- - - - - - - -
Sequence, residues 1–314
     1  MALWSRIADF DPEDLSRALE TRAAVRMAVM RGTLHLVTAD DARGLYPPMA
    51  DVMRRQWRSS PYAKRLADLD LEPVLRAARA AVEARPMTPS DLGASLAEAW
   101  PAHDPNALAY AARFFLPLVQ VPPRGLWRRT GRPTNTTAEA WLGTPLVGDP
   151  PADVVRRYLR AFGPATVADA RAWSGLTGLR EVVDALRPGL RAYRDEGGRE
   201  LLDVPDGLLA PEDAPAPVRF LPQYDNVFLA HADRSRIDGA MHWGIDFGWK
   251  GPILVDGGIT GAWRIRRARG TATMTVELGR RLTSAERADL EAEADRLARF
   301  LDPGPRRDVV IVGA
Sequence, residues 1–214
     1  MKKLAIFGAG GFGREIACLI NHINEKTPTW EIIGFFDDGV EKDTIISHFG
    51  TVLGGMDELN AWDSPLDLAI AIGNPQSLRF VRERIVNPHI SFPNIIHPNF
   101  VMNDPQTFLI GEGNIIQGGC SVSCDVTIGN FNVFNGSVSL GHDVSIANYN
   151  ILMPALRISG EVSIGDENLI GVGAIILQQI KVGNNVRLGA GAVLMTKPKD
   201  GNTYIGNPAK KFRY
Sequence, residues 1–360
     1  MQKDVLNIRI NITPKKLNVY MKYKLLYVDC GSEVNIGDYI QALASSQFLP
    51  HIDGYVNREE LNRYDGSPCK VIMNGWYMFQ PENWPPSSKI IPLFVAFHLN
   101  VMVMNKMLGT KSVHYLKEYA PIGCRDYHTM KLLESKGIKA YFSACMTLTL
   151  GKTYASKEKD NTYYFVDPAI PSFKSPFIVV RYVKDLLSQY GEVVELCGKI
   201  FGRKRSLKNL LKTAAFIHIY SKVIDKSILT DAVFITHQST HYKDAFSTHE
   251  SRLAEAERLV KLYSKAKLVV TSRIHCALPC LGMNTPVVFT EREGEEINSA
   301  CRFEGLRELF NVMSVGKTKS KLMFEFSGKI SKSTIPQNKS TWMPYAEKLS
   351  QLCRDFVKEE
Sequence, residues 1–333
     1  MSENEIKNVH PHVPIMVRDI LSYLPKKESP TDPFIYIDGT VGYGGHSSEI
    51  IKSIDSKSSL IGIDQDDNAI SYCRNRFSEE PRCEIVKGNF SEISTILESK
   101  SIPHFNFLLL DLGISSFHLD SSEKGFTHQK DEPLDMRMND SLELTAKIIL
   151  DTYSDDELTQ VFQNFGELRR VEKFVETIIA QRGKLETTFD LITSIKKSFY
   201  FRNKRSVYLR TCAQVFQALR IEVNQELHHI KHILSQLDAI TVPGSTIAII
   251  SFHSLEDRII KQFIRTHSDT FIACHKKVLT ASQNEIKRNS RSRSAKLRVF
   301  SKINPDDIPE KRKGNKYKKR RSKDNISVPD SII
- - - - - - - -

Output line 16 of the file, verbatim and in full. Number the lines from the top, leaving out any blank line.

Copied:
     1  MQKDVLNIRI NITPKKLNVY MKYKLLYVDC GSEVNIGDYI QALASSQFLP